We are grateful that the Synod has expressed  an appreciation for interfaith marriages and underlined the character of the path of life in marriage and family, while a more positive view of the path before marriage was also discussed. On the topic of divorced and remarried people the necessary distinctions of situations were addressed in the text. It was attempted to avoid generalisations. The Synod is clear that every situation in life must be considered individually. In hindsight we would have wished for more courage to deal with the realities more intensively and recognise them as signs of the times in which God wants to tell us something, but we also recognise that we have learned to go along with other cultures and experiences.

The Synod of Bishops advises the Pope. We will accompany the way forward with our prayers. Pope Francis now has the task to use the wealth of results for the Church. The Holy Father can only take decisions for the entire Church, where he always stand for the unity of the Church and the further synodal path, as he said himself in his historic speech last week.

What was considered in the Synod, we will develop and make concrete at home. As Church we accompany and live with the people, the spouses, the families, especially also with the oppressed, with their joys and hopes, sorrows and fears. Questions which occupy us now are these: How do we open, and not close, the way towards Christ? How do we fully integrate people in the Church? How do we become a Church with open doors? And how do we relate to families in the most difficult situations, such as refugee families, to make a life in dignity possible for them, as the Gospel shows? How can we encourage a new spring in the pastoral care of families in general?

The final text of the Synod of Bishops opens perspectives for action and gives impulses for further theological thought. That will also be incorporated in the message of the German bishops about marriage and family, which we are currently working on. What is important is this: the synodal path of the Church continues. Perhaps it has only just begun. The Church stays on the path and with the people, also in the questions of marriage and family. We, as Church in Germany, want to continue on this road with Pope Francis. Encouraged and strengthened we return to our dioceses.”

Photo credit: KNA

Cardinal concerns – 13 cardinals write to the Pope

Note: This story is developing as many questions have arisen about the contents of the letter and the names of the cardinals who signed it. Treat it with much care.

First there was the 5 Cardinals Book and the 11 Cardinals Book, and now we have the 13 Cardinals Letter. Via Sandro Magister comes a letter that 13 cardinals sent to Pope Francis on the eve of the Synod, on 5 October. In it, they express their concerns and questions about the revised processes of the Synod.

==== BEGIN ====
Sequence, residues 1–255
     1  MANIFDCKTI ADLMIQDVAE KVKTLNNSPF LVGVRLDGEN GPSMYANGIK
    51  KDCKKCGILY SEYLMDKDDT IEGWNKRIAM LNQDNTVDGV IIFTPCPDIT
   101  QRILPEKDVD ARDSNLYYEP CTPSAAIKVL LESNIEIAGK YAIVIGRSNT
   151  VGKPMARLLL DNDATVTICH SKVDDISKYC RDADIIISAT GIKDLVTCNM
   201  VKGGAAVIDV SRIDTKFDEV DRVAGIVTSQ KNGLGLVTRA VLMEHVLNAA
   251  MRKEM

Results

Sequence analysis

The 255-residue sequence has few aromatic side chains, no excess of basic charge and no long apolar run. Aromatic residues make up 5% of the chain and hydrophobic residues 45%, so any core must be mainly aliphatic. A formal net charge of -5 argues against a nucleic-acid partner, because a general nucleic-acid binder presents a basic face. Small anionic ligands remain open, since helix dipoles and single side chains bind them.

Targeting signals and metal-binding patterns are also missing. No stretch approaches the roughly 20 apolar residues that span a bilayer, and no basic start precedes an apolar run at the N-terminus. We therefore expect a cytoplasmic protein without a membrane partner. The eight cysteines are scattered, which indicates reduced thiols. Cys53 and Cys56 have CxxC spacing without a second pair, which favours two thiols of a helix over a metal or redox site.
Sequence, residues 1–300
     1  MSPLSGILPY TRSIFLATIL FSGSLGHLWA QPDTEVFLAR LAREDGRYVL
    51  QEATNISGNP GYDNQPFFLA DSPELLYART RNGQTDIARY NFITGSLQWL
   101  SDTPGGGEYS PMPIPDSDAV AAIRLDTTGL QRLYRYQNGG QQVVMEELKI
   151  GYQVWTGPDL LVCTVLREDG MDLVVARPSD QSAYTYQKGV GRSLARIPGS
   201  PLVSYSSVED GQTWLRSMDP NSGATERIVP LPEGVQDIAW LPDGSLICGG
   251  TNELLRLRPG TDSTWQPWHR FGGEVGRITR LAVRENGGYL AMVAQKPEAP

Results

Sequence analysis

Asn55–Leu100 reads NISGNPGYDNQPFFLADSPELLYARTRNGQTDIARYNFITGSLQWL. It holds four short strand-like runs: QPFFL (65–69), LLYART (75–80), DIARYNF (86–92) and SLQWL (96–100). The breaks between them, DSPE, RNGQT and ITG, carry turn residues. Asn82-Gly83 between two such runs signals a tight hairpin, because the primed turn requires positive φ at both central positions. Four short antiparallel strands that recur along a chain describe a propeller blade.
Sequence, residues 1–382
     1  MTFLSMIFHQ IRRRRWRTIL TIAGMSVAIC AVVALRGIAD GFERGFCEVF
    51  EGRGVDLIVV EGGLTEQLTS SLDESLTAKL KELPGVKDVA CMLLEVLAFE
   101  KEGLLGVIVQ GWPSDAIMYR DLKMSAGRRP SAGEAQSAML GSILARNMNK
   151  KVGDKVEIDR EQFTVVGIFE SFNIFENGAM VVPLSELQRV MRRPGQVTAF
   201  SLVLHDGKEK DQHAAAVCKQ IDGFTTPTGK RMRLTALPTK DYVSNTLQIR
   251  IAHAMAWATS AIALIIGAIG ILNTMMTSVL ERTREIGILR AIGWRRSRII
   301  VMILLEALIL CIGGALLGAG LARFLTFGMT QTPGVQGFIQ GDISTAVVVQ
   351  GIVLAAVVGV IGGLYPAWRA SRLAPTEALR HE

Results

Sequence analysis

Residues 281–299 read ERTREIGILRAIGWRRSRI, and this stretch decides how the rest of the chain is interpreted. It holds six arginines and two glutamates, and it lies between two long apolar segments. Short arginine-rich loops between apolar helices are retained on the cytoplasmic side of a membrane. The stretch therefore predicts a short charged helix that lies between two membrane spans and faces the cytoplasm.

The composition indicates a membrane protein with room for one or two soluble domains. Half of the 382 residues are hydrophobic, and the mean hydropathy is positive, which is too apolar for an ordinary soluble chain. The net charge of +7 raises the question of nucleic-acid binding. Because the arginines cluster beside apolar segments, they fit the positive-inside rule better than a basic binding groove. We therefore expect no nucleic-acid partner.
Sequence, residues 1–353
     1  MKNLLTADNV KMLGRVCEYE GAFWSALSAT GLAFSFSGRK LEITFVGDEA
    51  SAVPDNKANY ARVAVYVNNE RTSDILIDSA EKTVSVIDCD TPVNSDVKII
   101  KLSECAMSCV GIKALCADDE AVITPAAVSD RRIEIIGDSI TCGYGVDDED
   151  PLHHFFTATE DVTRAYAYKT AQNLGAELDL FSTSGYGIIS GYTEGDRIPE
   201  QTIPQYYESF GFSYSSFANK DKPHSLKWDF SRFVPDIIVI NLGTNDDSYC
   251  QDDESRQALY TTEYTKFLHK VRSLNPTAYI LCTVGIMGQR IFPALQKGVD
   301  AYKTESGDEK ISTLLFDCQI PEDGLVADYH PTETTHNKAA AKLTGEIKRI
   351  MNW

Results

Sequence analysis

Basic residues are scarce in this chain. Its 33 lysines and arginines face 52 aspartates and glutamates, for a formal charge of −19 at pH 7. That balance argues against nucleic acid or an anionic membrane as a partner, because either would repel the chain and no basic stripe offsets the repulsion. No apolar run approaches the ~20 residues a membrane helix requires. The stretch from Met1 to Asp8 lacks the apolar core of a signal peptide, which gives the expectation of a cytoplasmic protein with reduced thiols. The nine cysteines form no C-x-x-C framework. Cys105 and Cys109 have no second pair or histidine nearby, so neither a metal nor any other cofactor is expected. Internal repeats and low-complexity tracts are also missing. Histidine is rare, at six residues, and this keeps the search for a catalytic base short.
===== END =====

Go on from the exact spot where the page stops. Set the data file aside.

The cardinals, among them Cardinal Eijk, claim that the Instrumentum laboris is flawed in parts and has an excessive influence on the discussions and the final document (if there is even going to be one). The fact that debate is limited to the small language groups and that there is no voting on propositions or the composition of the drafting committee of the reworked Instrumentum are also points of concern. The cardinals also say that anyone tasked with drafting anything should be elected, not appointed. The new procedures, they say, are not true to the spirit of the Synod and their reason for having been made remains unclear.

Their concern that the deliberations of the Synod on a pastoral topic will become dominated by the theological/doctrinal question of Communion for the divorced and civilly remarried has in part proven to be unwarranted. Many Synod fathers, not least from the west, have insisted that the Synod is about much more than that question. But as this issue continues to make headlines and dominate the reports and opinion pieces, the letter’s final paragraph remains interesting to read:

“If [the question of Communion for divorced and remarried faithful dominates the deliberations], this will inevitably raise even more fundamental issues about how the Church, going forward, should interpret and apply the Word of God, her doctrines and her disciplines to changes in culture.  The collapse of liberal Protestant churches in the modern era, accelerated by their abandonment of key elements of Christian belief and practice in the name of pastoral adaptation, warrants great caution in our own synodal discussions.”

The letter has been signed by the following cardinals:

  • Carlo Caffarra, archbishop of Bologna
  • Thomas Cardinal Collins, archbishop of Toronto
  • Timothy Cardinal Dolan, archbishop of New York
  • Wim Cardinal Eijk, archbishop of Utrecht
  • Péter Cardinal Erdö, archbishop of Esztergom-Budapest and relator general of the Synod
  • Gerhard Cardinal Müller, Prefect of the Congregation for the Doctrine of the Faith
  • Wilfrid Cardinal Napier, archbishop of Durban and one of the presidents delegate of the Synod
  • George Cardinal Pell, Prefect of the Secretariat for the Economy
  • Mauro Cardinal Piacenza, Major Penitentiary
  • Robert Cardinal Sarah, Prefect of the Congregation for Divine Worship and the Discipline of the Sacraments
  • Angelo Cardinal Scola, archbishop of Milan
  • Jorge Cardinal Urosa Savino, archbishop of Caracas
  • André Cardinal Vingt-Trois, archbishop of Paris and one of the presidents delegate of the Synod

Some have chosen to see this letter as an act of opposition to Pope Francis by overly orthodox prelate who don’t much like the Pope anyway, which, in my opinion is overly simplistic. While a number of the thirteen also contributed to the aforementioned 5 an 11 Cardinals Books and are know to be more conservative in theological and doctrinal matters, others (such as Cardinals Dolan, Collins and Vingt-Trois) are at least less vocally so. Their presence on the list of authors may reflect the more universal nature of the concerns.